Singapore/Bangkok, 15 April 2015 – Guidance material on how recreational diving can protect fragile marine biodiversity threatened by growing coastal tourism and support the 2030 Agenda for Sustainable Development will be launched tomorrow at Asia’s largest and oldest dive expo by the United Nations Environment Programme (UNEP) and partners.
The Green Fins Toolbox, developed through a public-private partnership initiative working with diving and snorkeling businesses, communities and governments in Southeast and South Asia, was unveiled during Asia Dive Expo (ADEX), held at the Suntec Singapore Convention & Exhibition Centre.
The growing popularity and accessibility of scuba diving and snorkeling is bringing more people onto coral reefs. The diving industry adds over one million new divers every year, putting additional pressure on fragile coastal ecologies, in particular coral reefs, which host abundant marine life and are an enormous draw for tourists.
While helping to drive economic growth, intensive scuba diving can directly damage corals, making them susceptible to other stresses as well as reduce live coral cover. Poorly managed beach and reef tourism constitutes an environmental threat and undermines the industry’s primary asset, the coral reef.
“Green Fins provides guidance based on solid coral reef and diving industry know-how,” said Isabelle Louis, acting UNEP Regional Director and Representative. “It helps small and medium sized businesses show conservation leadership and turn environmental risks into opportunity, ensuring a sustainable industry that protects marine ecosystems, creates long-term livelihoods, and contributes to implementation of the 2030 Sustainable Development Agenda.”
Designed for the marine tourism industry, as well as local and national marine resource managers, the toolbox also includes a two-minute video on sustainable diving titled “Green Fins for a Blue Planet”, produced by UNEP in partnership with syndicated cartoonist Jim Toomey. Using clear and simple language, the video shows how divers, dive centre operators and owners, and governments can influence both the environmental and economic sustainability of the industry.
“The public is embracing dive tourism in a big way, and that’s great,” said Mr. Toomey. “However, now that we are taking to the water in such big numbers, there needs to be a set of guidelines that we can teach and follow as a dive community, if we’re going to protect our delicate coral reefs for future generations.”
The toolbox and video draw on the lessons of the Green Fins Initiative established by UNEP and the Reef-World Foundation. Green Fins is working with over 400 diving and snorkelling operators, who are continuously improving their business practices to reduce the negative environmental impacts.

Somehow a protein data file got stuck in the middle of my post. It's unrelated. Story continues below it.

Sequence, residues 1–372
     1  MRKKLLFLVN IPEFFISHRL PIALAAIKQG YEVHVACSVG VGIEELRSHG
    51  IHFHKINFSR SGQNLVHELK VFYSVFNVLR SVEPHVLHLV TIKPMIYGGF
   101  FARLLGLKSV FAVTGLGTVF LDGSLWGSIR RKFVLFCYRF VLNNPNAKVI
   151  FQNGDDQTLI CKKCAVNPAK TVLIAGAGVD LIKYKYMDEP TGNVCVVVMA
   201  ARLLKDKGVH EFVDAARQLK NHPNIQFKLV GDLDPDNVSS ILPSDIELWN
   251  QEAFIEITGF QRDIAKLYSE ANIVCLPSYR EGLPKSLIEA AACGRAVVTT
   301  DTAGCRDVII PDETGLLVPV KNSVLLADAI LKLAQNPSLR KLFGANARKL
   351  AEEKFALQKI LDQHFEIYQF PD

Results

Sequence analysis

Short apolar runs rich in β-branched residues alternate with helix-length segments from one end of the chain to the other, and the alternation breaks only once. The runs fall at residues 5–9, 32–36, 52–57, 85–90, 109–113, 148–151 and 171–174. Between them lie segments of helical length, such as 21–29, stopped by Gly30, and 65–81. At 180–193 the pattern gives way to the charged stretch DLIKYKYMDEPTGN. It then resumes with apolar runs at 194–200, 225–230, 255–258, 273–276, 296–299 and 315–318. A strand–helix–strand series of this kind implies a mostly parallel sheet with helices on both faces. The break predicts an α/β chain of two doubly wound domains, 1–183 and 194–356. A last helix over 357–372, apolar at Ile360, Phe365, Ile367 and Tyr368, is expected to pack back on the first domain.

“Green Fins is a catalyst for change,” said Chloe Harvey, Reef-World Programmes Manager. “It brings people from different sectors together, empowering them with tools and knowledge to take collective action and make lasting changes to the way they conduct business.”
The Green Fins Toolbox will be used for implementing and geographically expanding Green Fins as well as strengthening collaboration with key industry partners on environmental mainstreaming.
The Green Fins initiative provides outreach and capacity building to dive centres and their customers, and also supports governments in developing and implementing regulations. The initiative also involves regular assessment of industry performance against a 15-point code of conduct and supports improved industry practices and the development of regulatory frameworks.
Originally established in Thailand in 2004, Green Fins is now active in six countries in Asia and is being expanded to other regions.
The Two Minutes on Oceans video series produced with Mr. Toomey, the creator of the Sherman’s Lagoon cartoon strip, began in 2011 through a partnership between UNEP’s Regional Office for North America and Mr. Toomey.
The Two Minutes on Oceans with Jim Toomey series now includes eight short videos, which provide the general public with scientific information about urgent issues facing our oceans today, as well as recommended actions to address them. They use animation and humor to illustrate the importance of oceans to human well-being and the environment. They are accessible online for no cost and have been broadcast around the world.